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What AI Should And What It Should Not Be

“It depends on what you mean by artificial intelligence.” Douglas Hofstadter is in a grocery store in Bloomington, Indiana, picking out salad ingredients. “If somebody meant by artificial intelligence the attempt to understand the mind, or to create something human-like, they might say—maybe they wouldn’t go this far—but they might say this is some of the only good work that’s ever been done.”

via The Man Who Would Teach Machines to Think.

A long and interesting read about AI’s most brilliant mind – Douglas Hofstadter – his FARG research group, and the current state of mainstream AI research.

I must say I was rather conflicted reading the article. While I think GEB is probably the most important book I’ve ever read,1 and while Hofstadter is definitely a genius, I’m not entirely sure I agree with discrediting the “small steps” approach present in the article. Coming from a philosophy background into computer science I find that a lot of philosophical research in AI-related fields (like epistemology or logic) is somewhat wishy-washy or superfluous, as is “philosophically-inspired computer science” research.2 Then again I realize that the single most harmful threat to my own community of logics-for-AI or multi-agent-systems is creating various formalisms (algorithms, logics, diagrams…) solely because “we can”, and because it’s always better to have more theorems and proofs, even if no one knows what they’re for. The article linked above provides a somewhat fresh and broad perspective on what AI is today, while trying to answer a question of what AI should be. And these are the issues keynote speakers at big AI conferences should be addressing, trying to inspire people and make them contemplate on the big-picture issues; we don’t need another keynote on SAT solving and ILP.3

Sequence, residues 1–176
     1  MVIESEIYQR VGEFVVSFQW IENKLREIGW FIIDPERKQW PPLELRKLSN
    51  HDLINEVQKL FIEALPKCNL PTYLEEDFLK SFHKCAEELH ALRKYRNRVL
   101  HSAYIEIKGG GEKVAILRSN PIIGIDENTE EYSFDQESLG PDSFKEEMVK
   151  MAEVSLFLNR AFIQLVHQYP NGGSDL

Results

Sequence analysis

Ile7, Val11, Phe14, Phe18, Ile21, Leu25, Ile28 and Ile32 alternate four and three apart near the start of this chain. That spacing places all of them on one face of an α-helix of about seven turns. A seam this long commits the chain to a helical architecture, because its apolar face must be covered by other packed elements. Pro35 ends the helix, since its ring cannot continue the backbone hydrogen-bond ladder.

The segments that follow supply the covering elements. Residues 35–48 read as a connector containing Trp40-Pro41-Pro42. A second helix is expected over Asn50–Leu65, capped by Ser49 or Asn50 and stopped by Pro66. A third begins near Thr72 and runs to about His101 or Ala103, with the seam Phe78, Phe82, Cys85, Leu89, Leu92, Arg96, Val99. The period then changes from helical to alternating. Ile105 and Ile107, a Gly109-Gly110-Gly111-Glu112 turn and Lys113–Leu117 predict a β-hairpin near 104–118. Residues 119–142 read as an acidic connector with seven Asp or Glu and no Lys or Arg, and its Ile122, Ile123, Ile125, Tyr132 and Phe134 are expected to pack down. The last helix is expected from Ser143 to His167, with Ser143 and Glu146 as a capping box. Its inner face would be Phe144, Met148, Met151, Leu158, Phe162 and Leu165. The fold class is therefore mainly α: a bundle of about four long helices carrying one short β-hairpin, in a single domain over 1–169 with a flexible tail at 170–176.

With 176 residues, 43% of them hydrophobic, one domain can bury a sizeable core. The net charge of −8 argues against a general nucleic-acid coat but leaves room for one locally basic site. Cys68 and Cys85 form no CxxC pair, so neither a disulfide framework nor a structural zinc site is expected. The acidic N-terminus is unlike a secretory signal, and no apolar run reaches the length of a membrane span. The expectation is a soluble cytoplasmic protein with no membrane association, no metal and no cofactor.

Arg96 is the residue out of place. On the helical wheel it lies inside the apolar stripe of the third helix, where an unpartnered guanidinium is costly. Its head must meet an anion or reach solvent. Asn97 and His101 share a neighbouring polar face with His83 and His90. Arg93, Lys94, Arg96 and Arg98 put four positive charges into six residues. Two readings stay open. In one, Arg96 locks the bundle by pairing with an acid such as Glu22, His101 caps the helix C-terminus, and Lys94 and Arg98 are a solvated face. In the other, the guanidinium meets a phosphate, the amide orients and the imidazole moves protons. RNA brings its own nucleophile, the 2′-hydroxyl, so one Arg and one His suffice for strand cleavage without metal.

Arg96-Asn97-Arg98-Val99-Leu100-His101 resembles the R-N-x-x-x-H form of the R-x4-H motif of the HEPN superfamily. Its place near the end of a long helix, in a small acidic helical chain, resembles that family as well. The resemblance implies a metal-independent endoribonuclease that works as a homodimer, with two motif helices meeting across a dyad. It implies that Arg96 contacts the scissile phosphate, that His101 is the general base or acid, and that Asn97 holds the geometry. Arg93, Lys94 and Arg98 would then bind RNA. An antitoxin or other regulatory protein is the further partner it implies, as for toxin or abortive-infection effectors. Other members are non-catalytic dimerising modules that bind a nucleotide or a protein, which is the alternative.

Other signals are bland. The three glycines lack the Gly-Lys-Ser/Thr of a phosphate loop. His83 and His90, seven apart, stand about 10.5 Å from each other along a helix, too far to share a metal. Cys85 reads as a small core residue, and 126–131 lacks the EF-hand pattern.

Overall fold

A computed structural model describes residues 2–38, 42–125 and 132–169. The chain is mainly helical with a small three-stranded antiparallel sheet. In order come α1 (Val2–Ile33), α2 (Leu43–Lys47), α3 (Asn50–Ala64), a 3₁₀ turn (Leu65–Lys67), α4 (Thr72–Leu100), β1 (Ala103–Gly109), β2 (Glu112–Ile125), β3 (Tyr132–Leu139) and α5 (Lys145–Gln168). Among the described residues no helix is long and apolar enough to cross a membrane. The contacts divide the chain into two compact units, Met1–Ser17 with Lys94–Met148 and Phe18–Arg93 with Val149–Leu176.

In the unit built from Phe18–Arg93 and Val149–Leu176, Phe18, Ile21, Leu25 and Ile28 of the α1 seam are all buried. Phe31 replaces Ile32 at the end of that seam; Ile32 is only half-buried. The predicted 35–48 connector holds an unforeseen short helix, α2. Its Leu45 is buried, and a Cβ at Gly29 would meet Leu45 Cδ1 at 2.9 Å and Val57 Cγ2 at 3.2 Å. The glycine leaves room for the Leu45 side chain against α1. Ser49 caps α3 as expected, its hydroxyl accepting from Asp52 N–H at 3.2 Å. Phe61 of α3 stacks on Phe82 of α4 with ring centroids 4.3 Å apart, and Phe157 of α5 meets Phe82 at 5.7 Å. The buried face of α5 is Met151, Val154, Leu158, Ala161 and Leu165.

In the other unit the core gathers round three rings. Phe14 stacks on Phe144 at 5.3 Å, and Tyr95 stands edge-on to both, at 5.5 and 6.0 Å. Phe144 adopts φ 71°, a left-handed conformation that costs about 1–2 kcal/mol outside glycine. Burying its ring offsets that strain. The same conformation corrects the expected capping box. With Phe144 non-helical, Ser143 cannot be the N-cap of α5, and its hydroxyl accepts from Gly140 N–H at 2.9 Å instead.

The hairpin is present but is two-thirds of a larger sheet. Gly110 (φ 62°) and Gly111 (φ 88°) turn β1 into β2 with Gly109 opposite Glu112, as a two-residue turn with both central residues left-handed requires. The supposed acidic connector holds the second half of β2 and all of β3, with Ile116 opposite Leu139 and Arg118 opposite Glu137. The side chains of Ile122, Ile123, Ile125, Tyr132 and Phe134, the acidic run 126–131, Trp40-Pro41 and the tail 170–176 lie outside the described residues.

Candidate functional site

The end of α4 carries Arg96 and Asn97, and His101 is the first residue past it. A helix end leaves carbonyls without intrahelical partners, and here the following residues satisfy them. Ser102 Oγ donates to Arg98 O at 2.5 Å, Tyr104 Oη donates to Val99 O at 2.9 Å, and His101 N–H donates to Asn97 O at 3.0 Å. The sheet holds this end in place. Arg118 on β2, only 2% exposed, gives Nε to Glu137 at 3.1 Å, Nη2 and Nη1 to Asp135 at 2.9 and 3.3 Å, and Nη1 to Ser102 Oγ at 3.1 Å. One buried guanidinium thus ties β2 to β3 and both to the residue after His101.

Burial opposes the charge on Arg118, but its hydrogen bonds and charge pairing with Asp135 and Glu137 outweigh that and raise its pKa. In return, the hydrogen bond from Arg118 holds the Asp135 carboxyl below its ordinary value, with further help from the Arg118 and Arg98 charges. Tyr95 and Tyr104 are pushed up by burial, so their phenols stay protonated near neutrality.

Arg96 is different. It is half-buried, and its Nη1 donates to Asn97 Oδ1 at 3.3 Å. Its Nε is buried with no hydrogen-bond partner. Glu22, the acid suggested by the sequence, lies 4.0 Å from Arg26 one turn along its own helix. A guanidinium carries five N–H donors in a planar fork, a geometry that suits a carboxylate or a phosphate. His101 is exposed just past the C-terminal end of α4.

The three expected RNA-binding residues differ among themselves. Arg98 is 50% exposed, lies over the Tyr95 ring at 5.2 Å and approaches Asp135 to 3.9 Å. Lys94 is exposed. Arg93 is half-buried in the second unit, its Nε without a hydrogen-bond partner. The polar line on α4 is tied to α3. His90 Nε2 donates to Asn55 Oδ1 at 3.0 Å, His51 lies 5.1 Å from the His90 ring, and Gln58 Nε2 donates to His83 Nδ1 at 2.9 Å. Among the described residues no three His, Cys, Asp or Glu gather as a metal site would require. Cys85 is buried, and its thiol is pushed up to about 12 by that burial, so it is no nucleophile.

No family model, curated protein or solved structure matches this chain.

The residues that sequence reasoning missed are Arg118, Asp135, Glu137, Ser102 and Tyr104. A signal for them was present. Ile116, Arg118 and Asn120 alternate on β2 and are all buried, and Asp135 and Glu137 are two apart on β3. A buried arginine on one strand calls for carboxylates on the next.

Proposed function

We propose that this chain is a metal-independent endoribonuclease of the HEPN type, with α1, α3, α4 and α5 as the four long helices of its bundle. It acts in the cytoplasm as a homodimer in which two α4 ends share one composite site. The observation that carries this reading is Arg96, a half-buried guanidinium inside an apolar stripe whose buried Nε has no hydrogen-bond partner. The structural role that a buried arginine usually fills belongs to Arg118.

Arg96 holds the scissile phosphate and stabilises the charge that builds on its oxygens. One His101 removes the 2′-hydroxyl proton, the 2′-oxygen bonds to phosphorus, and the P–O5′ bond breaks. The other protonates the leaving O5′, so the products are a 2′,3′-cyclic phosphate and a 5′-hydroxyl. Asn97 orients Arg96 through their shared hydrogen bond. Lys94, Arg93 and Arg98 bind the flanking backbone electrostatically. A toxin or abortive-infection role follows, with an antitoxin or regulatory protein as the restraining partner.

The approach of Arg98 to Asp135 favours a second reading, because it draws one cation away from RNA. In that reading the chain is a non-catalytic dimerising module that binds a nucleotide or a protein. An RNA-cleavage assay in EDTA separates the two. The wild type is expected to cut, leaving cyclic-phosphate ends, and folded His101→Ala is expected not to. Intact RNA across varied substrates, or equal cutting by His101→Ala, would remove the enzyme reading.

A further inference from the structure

1. Confession: I have never read the whole book. There is a partly interesting story behind it: I started reading it when I was a freshman at MISH, but unfortunately there was only one copy on load at the university library, and I could only borrow it for a month. So I would borrow it, read a couple of chapters, return it within a month, wait until it’s available again (someone would always borrow it), and then go back to reading. After some time I got a bit tired of the routine and stopped reading GEB. I bought my own copy when I was finishing my masters, but my knowledge of AI and logic was broader by then, and I found some later chapters of GEB a tad boring, and thus never finished it. Still, GEB was the very main reason I wanted to work in AI. ↩︎

  2. By “philosophically-inspired” CS I mean researchers in computer science who claim doing philosophically relevant work by attempting to capture certain notions in formal ways. Unfortunately, with very few exceptions, these attempts result in work that is philosophically shallow, and not applicable from an engineering/hard-AI point of view. (I feel I just made a lot of enemies by writing this footnote). ↩︎

  3. There you go, now I won’t get a post-doc at HKUST. Shit. ↩︎